Final thoughts:   It's a pity that Garner's performance mars this film, because when she is not on the screen, the movie is all but flawless, a relentless and riveting character study of one of the frontline warriors of the battles surrounding AIDS during the height of the crisis. The politics of the film are unsubtle, but the film is not attempting to engender a debate, merely pay homage to a man who, even if accidentally, wound up waging the sort of battle that had to be waged on behalf of millions of marginalized people being mercilessly culled by a terrible plague. Woodroof himself died of AIDS in 1992, seven years after receiving his thirty-day diagnosis. His life, adjusted for the sake of storytelling though it may be, has been transformed into one of the finest films produced in the year just ending. And McConaughey, at last, has proven that his transformation from laughing stock to master thespian, is finally complete.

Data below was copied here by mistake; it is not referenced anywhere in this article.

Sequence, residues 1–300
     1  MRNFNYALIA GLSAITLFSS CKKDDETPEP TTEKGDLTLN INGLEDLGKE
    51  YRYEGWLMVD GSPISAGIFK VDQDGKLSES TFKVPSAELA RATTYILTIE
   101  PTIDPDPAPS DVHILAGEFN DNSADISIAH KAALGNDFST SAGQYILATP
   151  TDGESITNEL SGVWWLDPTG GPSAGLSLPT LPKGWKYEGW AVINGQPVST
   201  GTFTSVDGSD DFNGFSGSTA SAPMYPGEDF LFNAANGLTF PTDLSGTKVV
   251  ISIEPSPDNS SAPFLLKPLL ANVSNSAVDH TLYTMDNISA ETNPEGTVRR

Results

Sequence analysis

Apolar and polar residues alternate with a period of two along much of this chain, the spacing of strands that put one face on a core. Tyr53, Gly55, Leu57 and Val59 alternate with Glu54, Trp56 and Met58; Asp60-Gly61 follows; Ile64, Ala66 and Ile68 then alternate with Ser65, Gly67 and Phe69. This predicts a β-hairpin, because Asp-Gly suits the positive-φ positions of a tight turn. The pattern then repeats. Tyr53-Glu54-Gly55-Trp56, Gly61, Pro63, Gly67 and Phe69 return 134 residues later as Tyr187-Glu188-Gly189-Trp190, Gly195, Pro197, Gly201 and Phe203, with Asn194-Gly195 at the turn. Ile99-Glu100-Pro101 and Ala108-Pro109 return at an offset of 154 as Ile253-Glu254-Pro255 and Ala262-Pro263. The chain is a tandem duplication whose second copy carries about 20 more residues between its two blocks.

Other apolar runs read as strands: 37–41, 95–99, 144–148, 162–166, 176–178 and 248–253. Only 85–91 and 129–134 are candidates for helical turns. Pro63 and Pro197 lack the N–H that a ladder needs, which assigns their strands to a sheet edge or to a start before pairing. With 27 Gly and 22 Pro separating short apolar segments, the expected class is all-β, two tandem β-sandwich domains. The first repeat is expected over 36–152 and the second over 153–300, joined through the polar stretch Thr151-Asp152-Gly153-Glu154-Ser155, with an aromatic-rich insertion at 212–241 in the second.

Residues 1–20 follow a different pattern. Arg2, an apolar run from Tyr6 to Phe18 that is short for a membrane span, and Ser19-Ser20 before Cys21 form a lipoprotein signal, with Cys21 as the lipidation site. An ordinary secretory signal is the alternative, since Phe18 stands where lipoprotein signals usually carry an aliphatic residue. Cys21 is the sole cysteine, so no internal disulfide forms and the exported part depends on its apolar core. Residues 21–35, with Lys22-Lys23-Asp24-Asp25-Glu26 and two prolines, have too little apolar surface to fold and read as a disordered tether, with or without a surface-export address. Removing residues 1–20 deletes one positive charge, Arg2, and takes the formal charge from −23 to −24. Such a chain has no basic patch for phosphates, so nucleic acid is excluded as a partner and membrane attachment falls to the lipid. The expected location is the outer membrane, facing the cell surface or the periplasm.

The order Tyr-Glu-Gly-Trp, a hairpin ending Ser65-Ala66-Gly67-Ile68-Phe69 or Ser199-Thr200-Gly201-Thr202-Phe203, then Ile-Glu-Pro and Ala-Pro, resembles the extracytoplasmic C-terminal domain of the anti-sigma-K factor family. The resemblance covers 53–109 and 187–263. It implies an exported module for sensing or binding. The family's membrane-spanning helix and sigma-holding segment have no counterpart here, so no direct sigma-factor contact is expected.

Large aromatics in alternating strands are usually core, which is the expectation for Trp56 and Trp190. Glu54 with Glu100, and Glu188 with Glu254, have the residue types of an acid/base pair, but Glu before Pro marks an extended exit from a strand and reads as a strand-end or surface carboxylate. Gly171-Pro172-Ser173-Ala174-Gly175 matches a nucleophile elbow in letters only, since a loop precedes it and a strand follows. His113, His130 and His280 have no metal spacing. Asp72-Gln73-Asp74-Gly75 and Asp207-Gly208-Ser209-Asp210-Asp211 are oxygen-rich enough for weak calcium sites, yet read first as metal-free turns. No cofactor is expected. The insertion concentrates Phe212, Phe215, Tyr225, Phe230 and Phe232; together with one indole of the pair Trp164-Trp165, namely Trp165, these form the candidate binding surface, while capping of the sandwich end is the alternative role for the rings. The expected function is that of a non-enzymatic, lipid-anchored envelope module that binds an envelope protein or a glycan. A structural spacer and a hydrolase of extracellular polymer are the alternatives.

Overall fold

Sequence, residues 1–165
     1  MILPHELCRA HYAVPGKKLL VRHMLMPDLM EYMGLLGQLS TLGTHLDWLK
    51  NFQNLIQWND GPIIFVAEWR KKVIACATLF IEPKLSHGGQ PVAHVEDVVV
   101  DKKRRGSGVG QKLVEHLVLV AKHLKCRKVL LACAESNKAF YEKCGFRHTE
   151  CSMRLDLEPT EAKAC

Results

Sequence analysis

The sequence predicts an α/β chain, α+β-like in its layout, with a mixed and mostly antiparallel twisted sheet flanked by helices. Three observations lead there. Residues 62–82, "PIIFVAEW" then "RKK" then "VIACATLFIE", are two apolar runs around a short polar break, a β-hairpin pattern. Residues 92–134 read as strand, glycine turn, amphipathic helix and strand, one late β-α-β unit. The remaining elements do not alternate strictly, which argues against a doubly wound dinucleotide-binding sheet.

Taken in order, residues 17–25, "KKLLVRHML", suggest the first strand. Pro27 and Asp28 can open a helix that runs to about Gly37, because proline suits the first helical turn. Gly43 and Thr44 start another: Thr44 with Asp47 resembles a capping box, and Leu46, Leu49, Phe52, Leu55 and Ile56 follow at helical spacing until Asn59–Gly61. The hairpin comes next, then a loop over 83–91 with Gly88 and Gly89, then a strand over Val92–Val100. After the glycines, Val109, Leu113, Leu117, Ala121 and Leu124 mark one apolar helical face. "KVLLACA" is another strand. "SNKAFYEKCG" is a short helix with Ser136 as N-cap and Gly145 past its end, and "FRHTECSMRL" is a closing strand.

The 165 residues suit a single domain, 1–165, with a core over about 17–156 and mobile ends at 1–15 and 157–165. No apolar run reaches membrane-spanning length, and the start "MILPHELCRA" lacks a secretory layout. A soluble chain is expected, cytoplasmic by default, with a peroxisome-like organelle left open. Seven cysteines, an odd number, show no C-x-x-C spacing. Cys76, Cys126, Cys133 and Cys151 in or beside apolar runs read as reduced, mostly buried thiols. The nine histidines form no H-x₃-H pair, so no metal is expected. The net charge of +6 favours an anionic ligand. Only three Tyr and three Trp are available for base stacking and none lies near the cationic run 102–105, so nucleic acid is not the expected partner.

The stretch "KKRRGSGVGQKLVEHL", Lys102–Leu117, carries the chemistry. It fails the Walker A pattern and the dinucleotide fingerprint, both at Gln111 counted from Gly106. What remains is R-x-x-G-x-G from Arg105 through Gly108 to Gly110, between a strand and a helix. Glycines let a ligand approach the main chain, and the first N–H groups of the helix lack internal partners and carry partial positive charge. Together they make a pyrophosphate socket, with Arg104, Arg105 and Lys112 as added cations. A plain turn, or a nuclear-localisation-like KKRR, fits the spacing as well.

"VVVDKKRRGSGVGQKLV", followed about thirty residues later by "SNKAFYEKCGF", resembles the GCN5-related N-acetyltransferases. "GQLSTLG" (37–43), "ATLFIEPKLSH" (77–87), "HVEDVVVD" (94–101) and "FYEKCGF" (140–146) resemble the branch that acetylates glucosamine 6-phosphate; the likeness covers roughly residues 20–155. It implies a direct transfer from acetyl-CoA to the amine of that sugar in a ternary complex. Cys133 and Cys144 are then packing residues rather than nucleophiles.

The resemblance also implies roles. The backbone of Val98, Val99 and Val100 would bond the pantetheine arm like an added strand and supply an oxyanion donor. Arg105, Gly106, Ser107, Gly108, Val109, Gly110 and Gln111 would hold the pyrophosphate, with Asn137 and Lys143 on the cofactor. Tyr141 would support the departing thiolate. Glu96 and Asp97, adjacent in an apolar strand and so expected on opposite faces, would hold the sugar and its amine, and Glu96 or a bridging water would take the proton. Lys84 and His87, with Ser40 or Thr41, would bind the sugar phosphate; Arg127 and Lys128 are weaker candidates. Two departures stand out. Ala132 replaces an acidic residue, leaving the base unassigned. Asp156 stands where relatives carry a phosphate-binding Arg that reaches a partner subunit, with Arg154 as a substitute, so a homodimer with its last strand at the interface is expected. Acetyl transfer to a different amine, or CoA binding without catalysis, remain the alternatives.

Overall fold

Final Score:  8/10


  1. Nice review!

    (ps it's "Garner")

    1. Crap. Sorry. For some reason I seem to automatically add the 'D'...

  2. So, I haven't seen the movie (but considering certain Reasons of Interest I probably should), but when it came out I read this very interesting article from HuffPo, which was passed around by some of the more vocal LGBTQ activists in my circles:

    It's written by someone who was actively involved in the community and treatment efforts during the time. Understandably, he probably still has a lot of anger and bitterness that is influencing his view, but he does seem to make the excellent point that this movie is, for lack of a better term, a "colonialist" take on the whole time, since it centers on the efforts of a Straight White Man and how he is the savior of Teh Gays, instead of the multiple gay-focused and gay-allied-run communities that also sprung up to deal with the same problems.

    I am curious about what your thoughts are on his take, if any.

  3. My response, I'm afraid, is entirely unsympathetic.